After all the last photograph will be rather blank, and therefore teach nothing at all. :coffee: BB
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Posted by Susofrick on 20 May 2020, 06:29

Hmm, teach nothing at all? Nah, you are much too late to NOT teach us anything. You have showed a lot of nice during the years! And I think that you really don't know how to NOT teach (in a ggod way). That greeny picture is very nice!
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Posted by Beano Boy on 20 May 2020, 15:41

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Only just found this one.
i would later fill in the window on the apex end wall. BB
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Posted by Beano Boy on 21 May 2020, 17:32

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The template showing the size and the cut out window places.

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The template was turned over to use for the buildings other side wall,because i wanted all the window sizes to be opposite one another. By doing this the lift-off roof would only ever fit on one way,thus avoiding damage later.

The ground floor windows and door were marked, and cut out of the template In order that i could mark out and cut both floors at one time. i would then be able to cut each side wall into two separate parts.___ i have since lost the Template so hopefully i have explained it in a comprehensive way ?

WINDOW LITS

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:eh: Why the numbers?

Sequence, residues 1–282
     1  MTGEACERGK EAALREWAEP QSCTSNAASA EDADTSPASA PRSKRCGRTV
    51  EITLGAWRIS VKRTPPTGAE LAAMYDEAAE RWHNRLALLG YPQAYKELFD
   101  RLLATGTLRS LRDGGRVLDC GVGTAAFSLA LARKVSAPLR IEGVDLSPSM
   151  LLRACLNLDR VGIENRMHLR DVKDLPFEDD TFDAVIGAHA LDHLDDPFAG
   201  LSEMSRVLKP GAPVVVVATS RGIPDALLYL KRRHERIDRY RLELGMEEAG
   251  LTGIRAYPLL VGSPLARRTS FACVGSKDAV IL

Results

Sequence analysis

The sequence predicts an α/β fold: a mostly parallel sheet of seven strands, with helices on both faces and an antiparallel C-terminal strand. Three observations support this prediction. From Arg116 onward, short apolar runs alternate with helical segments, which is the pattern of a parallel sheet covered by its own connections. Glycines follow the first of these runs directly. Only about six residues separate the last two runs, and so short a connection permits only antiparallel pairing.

:mrgreen: That`s a good question from Wing Nut.
:cowboy: In spite of being silent for over 8 weeks we are happy to have a voice again.

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Well as i am cutting free hand there will be a slight difference between each cut out.
So the cross bar of each numbered part can be cut out and re-stuck where it once was.
As my left hand shakes badly it is best i cut my windows out like this.

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So there they are stuck fast in proper place,rather than be un-numbered and awful looking.

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The rounded over window tops i choose to cut out can be rounded over tidy-like,by just using a cheap brush handle. i keep all my broken brush handles for making ships masts, and for odd jobs like this one.

My Main Tools i Use

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A good quality camera.
A safety ruler, a sharp pointed craft knife and of course my cheap ball point pen.
The ruler has a safety channel for fingers and thumb ,used while cutting stuff. It also has two rubber non slip rubber strip on its underneath side. So i highly recommend it.

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This is how i did my paper floor. Scribing straight lines deeply with ruler and pen.
Then to wavey lines for wood grain was scribed out too. Now this was painted black and then later dry brushed with white to bring out the detail. Now the facing paper can be removed if a more older style look is required. Paint and dry brushing will bring out the look of the both planks and wood grain .
Really there is no skill required just a little effort and confidence on anyone's part.

That's it for now. :coffee: BB
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Posted by Susofrick on 22 May 2020, 09:28

Looks so easy on the pictures and the result is very nice! Experience is quite good to have and you have it! Very nice to see you back with your projects!
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Posted by Konrad on 22 May 2020, 14:21

You are a very creative man.
I wish I had your skills.
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Posted by MABO on 23 May 2020, 06:57

Konrad wrote:You are a very creative man.
I wish I had your skills.



Me, too! Very impressive to see your wip again. :yeah: